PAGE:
Climate in France - French Weather Conditions
France is a very large landmass with varying terrain and it is therefore possible to see a number of different climates across the country. In France there are four types of climate, each one linked to one of the assorted mountainous, coastal or inland areas.
1. Mediterranean climate - the south coast of France, which stretches from the border with Spain in the west along to Monaco and the border with Italy in the east, is known as the Mediterranean coast and we associate it with long, hot summers and mild winters.
2. Oceanic climate - the north coast of France, stretching from Dunkerque in the east all the way along the English Channel (la Manche) to the far western point of Brittany, and also the west coast, known as the Atlantic coast, that extends from Brest in the north to Biarritz in the south, have mild weather all year round.
3. Mountain climate - France's five mountain ranges, the Alps, Vosges, and Jura on the eastern border with Germany, Italy and Switzerland; the Massif Central between the middle of France and the south coast; and the Pyrenees separating France and Spain, all have cool summers and cold winters.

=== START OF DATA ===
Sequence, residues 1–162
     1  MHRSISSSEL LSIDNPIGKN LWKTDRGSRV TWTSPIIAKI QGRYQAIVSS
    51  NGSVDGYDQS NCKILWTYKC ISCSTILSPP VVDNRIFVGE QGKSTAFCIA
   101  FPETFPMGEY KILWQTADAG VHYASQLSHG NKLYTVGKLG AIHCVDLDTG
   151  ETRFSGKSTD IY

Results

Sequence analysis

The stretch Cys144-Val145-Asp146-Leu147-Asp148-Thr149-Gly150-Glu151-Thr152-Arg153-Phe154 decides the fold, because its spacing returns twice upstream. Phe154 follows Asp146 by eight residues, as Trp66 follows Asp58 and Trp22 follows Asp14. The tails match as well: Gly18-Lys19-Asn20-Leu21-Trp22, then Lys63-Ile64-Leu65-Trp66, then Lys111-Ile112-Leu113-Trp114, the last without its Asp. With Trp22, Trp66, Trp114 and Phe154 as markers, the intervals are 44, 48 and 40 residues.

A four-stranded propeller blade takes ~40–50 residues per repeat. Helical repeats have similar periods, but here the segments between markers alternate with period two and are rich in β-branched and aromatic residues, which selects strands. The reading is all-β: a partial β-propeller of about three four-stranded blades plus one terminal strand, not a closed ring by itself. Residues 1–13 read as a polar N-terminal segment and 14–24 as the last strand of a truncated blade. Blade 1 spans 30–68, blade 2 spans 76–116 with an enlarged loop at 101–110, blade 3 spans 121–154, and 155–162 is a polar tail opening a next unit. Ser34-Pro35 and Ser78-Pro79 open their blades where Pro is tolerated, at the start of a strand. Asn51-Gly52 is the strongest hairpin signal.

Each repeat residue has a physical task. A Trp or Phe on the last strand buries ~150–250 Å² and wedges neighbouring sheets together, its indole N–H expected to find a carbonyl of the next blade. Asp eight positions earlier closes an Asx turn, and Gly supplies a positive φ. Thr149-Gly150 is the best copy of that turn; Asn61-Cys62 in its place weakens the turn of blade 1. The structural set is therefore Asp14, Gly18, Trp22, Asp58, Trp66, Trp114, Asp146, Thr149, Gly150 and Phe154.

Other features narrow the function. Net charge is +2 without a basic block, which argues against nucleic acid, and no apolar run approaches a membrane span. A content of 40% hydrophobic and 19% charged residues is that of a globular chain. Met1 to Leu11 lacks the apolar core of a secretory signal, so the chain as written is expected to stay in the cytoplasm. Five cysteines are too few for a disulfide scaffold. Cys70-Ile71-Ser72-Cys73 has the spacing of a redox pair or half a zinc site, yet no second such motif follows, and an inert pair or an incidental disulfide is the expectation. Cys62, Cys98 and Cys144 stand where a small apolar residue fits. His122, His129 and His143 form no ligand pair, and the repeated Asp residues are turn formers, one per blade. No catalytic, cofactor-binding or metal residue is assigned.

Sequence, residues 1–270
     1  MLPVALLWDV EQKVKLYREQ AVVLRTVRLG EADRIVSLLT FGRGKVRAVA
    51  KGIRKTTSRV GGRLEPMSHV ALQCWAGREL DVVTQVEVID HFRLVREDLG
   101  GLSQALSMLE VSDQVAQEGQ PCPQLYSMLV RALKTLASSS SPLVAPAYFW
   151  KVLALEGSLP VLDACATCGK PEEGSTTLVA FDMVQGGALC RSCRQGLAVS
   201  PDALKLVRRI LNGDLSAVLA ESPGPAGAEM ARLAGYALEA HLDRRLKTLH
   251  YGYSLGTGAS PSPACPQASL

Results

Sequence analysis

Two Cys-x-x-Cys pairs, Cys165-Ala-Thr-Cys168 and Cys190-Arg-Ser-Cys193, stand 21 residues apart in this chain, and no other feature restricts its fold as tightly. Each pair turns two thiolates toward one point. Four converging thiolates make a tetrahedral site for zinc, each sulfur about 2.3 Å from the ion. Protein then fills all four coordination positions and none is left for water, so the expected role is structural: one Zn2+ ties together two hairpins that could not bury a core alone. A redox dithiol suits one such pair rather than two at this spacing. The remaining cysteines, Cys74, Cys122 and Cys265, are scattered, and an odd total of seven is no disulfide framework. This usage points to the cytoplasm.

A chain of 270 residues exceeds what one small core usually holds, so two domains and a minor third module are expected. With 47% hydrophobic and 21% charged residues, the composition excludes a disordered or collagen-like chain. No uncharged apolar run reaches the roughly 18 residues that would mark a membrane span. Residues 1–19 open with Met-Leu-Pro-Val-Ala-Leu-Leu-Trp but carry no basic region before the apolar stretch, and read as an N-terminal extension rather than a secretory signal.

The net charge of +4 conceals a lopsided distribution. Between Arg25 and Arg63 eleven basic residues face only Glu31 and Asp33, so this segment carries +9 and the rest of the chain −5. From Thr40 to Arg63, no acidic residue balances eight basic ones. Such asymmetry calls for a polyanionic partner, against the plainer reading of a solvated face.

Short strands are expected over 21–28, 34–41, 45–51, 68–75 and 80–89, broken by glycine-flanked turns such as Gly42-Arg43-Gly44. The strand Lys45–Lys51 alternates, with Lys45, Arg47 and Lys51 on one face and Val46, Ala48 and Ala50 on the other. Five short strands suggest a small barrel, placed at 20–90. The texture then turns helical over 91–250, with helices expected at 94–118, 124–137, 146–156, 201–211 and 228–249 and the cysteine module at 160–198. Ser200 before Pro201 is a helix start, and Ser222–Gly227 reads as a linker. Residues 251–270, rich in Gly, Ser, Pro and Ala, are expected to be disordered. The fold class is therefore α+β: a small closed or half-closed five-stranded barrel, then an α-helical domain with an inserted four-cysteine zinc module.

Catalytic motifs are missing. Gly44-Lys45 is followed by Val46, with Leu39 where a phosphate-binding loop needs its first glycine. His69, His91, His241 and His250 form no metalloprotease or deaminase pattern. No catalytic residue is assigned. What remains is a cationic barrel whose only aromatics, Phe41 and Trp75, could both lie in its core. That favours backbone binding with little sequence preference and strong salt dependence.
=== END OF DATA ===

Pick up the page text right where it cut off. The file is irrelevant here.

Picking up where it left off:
4. Continental climate - much of eastern France is land-locked and accordingly it experiences very hot summers and cold winters like many other continental areas.
As the French coined the phrase "Il pleut des chats et des chiens" (it's raining cats and dogs), we can assume that France, especially Northern France, has wet and changeable weather, like neighbouring England. In fact, much of France's rain falls in Brittany and along the north coast. The west coast can be extremely warm, but there is always the risk of stormy weather, thanks to the Atlantic. The Loire is considered to be the dividing line between the northern climate and the significantly warmer climate in the south.
The weather in France is of particular interest to its large agricultural population, especially those trying to produce another fine vintage of French wine where too many days' rain can ruin a good crop. The French talk about the weather (la météo) as much as the English do, and you can even phone up a recorded weather forecasting line on 08.92.68.08.08 for daily updates.